• Rural population: Only Vermont, Wyoming, Montana and Maine have more rural populations than Mississippi (defined by the Census as the percentage of a state’s population living in town or small cities of 50,000 or less). That leads to small towns and small high schools with less competition—both for spots on the team and against other teams—and it leads to small-town heroes who haven’t experienced failure until they get to pro ball.
“There are more 5-A schools in the Houston area than there are in the entire state of Mississippi,” Farris said. “There, the high school team might have 10 or 12 good players on it. Here it’s more like two or three.”
Some of those small-town roots can help. Hamilton loved to play so much, he’d play in local adult-league games anytime, anywhere, helping him develop strong instincts.
“Some of these guys, that’s all they know is playing baseball,” Farris says, “and I mean play. They have fun playing.”
Several scouts also believe the small town nature of the state leads to less sophistication among Mississippi products. As one scout put it, “Frankly the success stories are that white kids from Mississippi need to go to college and grow up . . . Most of the black kids in Mississippi have had to endure some obstacles, have had to overcome something. That is not the case with a lot of the small-town heroes who have not faced much competition. Pro ball is hard enough to be dealing with failure for the first time, but that’s what a lot of them have to go through.”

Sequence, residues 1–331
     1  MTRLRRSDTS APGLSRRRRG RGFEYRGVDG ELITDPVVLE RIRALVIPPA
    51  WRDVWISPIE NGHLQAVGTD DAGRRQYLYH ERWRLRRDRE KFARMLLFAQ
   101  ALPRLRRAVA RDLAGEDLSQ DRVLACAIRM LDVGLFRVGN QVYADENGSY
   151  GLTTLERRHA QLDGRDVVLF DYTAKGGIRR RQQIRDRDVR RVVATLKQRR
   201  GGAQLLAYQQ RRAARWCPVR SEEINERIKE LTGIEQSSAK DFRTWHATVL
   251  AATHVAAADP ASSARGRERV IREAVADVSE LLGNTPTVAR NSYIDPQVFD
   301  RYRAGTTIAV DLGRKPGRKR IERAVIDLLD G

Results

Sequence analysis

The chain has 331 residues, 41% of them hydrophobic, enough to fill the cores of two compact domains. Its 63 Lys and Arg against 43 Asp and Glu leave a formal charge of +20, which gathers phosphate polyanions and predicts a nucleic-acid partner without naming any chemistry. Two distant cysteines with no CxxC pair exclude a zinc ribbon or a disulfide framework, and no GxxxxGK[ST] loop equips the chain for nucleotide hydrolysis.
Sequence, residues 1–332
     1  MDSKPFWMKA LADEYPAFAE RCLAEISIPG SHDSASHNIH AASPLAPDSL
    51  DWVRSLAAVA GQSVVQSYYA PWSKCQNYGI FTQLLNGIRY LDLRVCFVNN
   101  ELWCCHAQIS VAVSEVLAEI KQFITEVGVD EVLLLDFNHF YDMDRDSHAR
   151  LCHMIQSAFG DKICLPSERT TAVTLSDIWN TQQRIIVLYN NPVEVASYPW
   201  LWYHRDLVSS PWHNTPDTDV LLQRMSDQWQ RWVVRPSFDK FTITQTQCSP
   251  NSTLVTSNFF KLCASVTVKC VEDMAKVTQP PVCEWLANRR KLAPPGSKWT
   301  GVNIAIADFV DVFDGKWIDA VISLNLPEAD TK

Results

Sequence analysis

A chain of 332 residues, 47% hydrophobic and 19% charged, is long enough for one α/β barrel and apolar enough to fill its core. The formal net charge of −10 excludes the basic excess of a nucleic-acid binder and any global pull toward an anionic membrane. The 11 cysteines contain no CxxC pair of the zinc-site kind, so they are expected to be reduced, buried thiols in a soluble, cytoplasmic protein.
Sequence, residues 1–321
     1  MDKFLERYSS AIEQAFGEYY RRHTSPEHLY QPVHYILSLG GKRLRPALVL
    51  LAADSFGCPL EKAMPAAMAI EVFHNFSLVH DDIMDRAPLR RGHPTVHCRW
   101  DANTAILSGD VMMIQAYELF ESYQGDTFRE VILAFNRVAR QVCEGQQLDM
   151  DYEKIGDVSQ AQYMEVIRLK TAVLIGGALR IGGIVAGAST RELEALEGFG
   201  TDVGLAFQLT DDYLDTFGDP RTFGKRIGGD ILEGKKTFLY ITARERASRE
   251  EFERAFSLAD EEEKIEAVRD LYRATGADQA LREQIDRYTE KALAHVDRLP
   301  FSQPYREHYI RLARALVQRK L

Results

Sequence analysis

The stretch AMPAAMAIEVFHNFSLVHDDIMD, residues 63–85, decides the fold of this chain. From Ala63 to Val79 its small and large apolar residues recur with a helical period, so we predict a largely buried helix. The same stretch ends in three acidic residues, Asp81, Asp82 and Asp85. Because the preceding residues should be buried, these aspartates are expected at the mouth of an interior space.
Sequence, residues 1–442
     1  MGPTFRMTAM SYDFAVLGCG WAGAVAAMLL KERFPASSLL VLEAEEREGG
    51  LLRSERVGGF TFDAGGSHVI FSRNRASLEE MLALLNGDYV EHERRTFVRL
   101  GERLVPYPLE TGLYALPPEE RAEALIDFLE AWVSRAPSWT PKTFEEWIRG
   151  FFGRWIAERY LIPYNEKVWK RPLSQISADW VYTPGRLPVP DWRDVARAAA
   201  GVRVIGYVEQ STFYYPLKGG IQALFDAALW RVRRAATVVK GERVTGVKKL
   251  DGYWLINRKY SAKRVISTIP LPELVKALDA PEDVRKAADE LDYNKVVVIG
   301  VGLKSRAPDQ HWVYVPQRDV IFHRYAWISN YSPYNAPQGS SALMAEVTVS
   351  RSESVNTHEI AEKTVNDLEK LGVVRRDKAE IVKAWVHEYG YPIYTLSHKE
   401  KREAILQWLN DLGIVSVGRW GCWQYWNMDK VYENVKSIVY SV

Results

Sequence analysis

Another scout compared prep products from Mississippi to products of the Dominican Republic in terms of the difficulty they have making the transition from a slow-paced, rural state to the bus rides and grinder mentality of the low minors.
Scouts have less trepidation about college products such as Renfroe, who as Farris said “didn’t know any better than to work hard. He’s not spoiled like some of these kids you see. Some of these guys haven’t carried their own bat bag since they were 10.”
Farris loves the state and wants to see more of its players succeed, which is why he’s excited by the likes of Renfroe and Reed, who’s out of Horn Lake, Miss., just south of Memphis.
“I just came from a workout with some 2014 players,” he said in mid-May, “and those boys can hit. We’ve had some good ballplayers out of here. I hope we can have some more.”